As you might have already guessed, photosynthesis is actually much more complicated than the word equation mentioned above. We actually divide photosynthesis into the following two distinct stages:

Light Reactions: The light reactions of photosynthesis take place in the chloroplasts of the plant cell. Here, the green pigment chlorophyll absorbs light energy from the sun. This energy is used to do two things. Some energy is used to produce ATP as discussed above. This ATP acts as an energy store and can be used in the second stage of photosynthesis. At the same time, light energy is used to split water into hydrogen and oxygen. The hydrogen also goes to the second stage of photosynthesis whereas the majority of the oxygen diffuses out of the cell, and out of the leaf, as a waste product.

Carbon Fixation: The second stage of photosynthesis also takes place in the chloroplast, but does not require chlorophyll as it does not require light energy directly. During Carbon Fixation the ATP and hydrogen from the Light Reactions is used to convert Carbon Dioxide into the sugar glucose.

These two stages of photosynthesis are summarised in the following diagram:

The sugar which is produced by photosynthesis can be used in lots of different ways by the cell. Some of it will be used for respiration, which we'll look at in more detail in the next topic. However, some if it will be joined together into long chains to form molecules of starch. This acts as an energy store for the plant, which is why storage organs such as the food store in seeds and tubers (potatoes) are packed full of starch. The plant can also join the sugar molecules together to form a different form of long-chained molecule called cellulose. This is the molecule which makes up the majority of the structure of plant cell walls which helps give the plant structure and support.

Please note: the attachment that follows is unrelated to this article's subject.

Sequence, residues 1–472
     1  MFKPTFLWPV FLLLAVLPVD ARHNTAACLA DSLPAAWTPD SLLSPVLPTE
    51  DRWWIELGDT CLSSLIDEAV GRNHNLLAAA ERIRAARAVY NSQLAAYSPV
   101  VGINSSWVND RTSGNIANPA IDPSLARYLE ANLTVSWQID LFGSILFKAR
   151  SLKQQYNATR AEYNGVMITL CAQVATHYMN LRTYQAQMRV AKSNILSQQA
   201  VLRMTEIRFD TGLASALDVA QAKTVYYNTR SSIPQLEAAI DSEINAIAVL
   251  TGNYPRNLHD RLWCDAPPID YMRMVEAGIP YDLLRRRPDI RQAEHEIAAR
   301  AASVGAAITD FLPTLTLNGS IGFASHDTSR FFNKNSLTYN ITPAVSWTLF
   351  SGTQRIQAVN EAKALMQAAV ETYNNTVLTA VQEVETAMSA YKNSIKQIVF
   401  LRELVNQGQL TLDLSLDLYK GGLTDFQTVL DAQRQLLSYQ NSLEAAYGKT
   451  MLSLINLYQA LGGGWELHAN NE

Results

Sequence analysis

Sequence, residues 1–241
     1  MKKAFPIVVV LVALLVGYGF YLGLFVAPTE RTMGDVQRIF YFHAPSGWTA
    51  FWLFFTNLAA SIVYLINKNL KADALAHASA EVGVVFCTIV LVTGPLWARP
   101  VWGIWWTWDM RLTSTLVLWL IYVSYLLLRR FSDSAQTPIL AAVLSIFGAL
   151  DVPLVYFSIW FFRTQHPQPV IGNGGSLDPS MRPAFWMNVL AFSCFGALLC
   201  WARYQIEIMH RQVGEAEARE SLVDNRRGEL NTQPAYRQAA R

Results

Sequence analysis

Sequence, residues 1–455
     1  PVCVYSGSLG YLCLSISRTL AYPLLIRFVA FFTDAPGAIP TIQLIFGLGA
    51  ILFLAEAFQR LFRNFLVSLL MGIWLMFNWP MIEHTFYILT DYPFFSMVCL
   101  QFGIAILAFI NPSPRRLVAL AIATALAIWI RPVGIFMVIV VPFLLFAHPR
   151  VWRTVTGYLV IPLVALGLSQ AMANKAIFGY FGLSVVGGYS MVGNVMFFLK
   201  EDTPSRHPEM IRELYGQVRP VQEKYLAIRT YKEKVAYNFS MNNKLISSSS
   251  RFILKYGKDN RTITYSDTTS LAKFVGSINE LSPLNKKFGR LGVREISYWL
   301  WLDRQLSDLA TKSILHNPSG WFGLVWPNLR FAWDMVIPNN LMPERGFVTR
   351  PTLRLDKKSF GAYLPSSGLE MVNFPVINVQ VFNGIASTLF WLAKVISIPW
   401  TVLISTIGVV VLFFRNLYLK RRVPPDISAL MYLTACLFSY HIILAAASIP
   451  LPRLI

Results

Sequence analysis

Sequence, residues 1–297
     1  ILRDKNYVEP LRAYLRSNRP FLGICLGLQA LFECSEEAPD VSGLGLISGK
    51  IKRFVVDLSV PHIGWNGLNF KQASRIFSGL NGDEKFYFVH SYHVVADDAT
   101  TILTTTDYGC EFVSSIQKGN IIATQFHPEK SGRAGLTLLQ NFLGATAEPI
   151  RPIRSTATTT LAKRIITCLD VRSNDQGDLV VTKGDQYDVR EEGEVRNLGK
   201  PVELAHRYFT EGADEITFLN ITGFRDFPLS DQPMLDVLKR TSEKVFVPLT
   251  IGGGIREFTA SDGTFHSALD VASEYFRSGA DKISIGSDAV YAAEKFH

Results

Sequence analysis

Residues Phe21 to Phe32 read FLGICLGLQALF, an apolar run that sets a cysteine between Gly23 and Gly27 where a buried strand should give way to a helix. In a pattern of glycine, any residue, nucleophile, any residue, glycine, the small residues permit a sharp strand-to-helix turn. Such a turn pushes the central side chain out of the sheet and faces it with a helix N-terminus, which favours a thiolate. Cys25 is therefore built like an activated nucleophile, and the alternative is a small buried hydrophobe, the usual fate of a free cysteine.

Limiting Factors

The last thing you need to understand in this topic is the impact of limiting factors on the rate of photosynthesis and cell growth. Limiting factors are a common biological concept, and so we'll briefly look at the idea in general before brining it back to photosynthesis.

For any set of chemical reactions taking place within a cell, limiting factors will be at play. A limiting factor is any factor which stops the rate of the reaction increasing further. If we imagine the following simple enzyme catalysed reaction: